How big is the ocean, how high is the sky? Old lyrics but new meaning – just how big is this genre of NONFICTION?
Creative, quirky, unusual, interesting – informative, and truly the sky isn’t the limit regarding subject, form, structure or illustrations. How big is the ocean of topics? It is indeed vast and varied: biography, social science, natural science, mathematics, history, social concerns, sports, “how-to’s,” cultural descriptions, languages, and more.
This month, in Beyond Boundaries, we have chosen to focus on quite a variety of topics – biographies, construction trucks, social issues, and history, including natural disasters and natural science.
First, biographies: A library on a donkey? What an idea to share with a child. Jeanette Winter’s new book, BIBLIOBURRO: A True Story from Colombia, will first capture your attention with her delightful and unusual illustrations. We meet Luis, a man who lives “deep in the jungles of Colombia…who loves books.” Luis lives in his little home, sharing a book with a giant orange butterfly and surrounded by tropical creatures, iguanas, hummingbirds, snakes, spiders, birds with giant bills and birds with long legs. Luis has one big problem. His house is FULL of books and he has an idea. He will share his books with children who have none. Luis has two burros, one to carry books, and one to carry Luis. He’s determined that his biblio-burro will bring books to children. And it does.
Other true stories written by Jeanette Winter include award-winning NASREEN’S SECRET SCHOOL, WANGARI’S TREES OF PEACE, and THE LIBRARIAN OF BASRA, winner of the Bank Street Flora Stieglitz Straus Award for Nonfiction. Jeanette’s books gently introduce children to economic and educational challenges faced by many children in this world.
A PICTURE BOOK OF CESAR CHAVEZ by David A. Adler and Michael S. Adler, illustrated by Marie Olofsdotter, provides a window into the world of César Chávez who risked his life and spent time in jail, but continued to help farm workers in California organize into unions and argue for fair pay and working conditions.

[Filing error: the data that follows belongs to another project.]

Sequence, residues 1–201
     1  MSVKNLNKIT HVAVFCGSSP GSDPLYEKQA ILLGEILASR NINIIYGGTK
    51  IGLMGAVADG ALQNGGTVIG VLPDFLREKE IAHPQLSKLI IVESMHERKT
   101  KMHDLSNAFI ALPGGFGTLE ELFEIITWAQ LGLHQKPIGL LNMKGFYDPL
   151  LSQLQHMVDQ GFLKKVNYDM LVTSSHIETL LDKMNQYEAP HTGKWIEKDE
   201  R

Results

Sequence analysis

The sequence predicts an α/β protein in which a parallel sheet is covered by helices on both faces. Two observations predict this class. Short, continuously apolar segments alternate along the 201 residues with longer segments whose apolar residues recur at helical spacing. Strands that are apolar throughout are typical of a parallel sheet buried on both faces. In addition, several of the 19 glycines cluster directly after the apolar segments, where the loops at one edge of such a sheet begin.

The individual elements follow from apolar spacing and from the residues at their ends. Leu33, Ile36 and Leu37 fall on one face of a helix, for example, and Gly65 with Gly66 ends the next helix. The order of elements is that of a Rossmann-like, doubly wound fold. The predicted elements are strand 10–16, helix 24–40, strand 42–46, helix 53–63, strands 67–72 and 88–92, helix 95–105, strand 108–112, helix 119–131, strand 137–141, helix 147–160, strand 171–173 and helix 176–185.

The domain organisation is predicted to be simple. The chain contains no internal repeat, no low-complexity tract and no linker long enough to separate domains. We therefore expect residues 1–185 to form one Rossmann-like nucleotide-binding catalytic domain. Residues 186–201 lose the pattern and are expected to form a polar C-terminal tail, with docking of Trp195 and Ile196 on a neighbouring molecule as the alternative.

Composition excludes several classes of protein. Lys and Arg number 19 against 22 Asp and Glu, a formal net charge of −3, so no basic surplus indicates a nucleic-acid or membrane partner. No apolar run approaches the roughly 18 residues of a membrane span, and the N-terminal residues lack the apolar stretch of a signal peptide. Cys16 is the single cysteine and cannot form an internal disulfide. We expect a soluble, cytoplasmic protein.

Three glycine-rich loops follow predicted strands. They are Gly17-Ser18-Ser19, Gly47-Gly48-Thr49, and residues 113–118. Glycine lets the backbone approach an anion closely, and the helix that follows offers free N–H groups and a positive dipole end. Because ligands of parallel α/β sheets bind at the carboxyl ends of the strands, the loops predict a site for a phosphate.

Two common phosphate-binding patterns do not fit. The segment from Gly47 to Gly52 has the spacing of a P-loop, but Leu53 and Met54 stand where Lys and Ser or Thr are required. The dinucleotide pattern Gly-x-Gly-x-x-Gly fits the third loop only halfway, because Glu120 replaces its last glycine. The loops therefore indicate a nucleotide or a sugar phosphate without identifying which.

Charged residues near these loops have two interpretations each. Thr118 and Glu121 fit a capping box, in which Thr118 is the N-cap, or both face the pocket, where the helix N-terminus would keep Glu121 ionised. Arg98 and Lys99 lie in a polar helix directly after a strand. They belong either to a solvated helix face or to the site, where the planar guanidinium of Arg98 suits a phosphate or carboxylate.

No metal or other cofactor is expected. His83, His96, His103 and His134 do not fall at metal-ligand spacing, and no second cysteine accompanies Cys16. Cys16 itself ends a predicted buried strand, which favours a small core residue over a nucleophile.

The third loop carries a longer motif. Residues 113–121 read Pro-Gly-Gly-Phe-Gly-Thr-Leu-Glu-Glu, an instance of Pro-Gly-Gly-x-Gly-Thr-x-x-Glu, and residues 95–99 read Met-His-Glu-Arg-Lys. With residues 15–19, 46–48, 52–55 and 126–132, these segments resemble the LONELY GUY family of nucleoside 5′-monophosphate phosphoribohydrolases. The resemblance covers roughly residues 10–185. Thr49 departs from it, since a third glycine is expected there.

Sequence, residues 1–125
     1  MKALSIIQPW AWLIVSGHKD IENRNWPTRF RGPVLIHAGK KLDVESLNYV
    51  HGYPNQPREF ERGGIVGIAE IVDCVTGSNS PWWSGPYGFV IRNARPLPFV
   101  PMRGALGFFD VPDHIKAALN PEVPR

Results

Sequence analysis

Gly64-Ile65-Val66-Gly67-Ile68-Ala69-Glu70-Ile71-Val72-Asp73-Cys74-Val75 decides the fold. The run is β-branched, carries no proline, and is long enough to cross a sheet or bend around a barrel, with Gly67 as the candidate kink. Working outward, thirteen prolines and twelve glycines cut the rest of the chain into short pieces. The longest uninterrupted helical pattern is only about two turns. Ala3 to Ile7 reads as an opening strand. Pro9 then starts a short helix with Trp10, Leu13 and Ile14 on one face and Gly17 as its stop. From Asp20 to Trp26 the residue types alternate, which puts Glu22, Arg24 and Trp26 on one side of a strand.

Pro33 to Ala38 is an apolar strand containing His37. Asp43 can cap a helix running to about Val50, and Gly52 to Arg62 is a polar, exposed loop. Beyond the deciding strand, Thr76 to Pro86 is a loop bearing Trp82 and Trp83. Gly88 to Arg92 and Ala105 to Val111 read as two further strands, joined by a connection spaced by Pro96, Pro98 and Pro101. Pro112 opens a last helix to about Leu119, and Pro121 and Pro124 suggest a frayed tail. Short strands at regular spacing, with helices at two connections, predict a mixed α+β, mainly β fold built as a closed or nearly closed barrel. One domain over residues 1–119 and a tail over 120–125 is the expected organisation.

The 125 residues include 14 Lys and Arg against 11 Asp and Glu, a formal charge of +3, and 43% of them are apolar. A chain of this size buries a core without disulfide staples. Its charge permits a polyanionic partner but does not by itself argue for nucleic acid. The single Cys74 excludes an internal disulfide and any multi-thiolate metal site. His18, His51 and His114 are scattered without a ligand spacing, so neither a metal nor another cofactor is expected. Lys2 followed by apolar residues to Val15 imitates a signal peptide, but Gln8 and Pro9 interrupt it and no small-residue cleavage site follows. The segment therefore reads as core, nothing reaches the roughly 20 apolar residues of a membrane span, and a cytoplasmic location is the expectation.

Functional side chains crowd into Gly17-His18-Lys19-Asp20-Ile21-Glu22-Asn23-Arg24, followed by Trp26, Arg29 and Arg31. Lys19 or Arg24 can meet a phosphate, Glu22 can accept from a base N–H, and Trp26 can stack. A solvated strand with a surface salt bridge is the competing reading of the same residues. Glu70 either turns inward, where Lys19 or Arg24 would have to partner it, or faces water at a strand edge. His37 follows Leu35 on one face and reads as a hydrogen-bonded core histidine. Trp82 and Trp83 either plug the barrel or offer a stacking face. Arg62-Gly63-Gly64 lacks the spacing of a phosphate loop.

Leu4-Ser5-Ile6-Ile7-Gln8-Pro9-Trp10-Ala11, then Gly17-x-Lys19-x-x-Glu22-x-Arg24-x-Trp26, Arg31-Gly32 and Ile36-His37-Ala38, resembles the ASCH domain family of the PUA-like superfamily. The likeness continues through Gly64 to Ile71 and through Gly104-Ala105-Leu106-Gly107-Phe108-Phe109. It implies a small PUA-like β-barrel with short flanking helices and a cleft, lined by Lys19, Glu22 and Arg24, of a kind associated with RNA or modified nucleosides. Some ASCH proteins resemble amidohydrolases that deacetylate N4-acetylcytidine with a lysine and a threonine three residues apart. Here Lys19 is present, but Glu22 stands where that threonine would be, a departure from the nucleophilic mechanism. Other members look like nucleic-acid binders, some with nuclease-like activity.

Courage is often small actions, such as planting beans or carrying oranges to the market, instead of being able to go to school. Though not nonfiction, these books offer a window into a specific culture and setting and can be paired with other informational resources to give students a peek into these other lands and peoples.
Another book set in Haiti is TAP-TAP by Karen LynnWilliams, illustrated by Catherine Stock. In this book, a girl carries oranges to sell at market and wonders if she can manage the long dusty walk back home.
Or from the far north, Ningeokuluk Teevee, one of the most celebrated of the Kinngait Nunavut (Cape Dorset) artists has written and illustrated ALEGO. This book presents a picture of today’s daily life of an Inuit child and grandmother – join them as they go clam-digging!
THE MANGROVE TREE: Planting Trees to Feed Families by Susan Roth and Cindy Trumbore tells of the work of Dr. Gordon Sato, a Japanese American, and of all surprising partnerships, a cell biologist whose ideas and work helped to make the desert of Eritrea productive by planting mangrove trees.
“Fly” back to the United States for one more biography, SKY HIGH: The True Story of Maggie Gee by Marissa Moss, illustrated by Carl Angel – the first Asian-American woman pilot. Maggie showed persistence and courage to fly high and reach her dreams.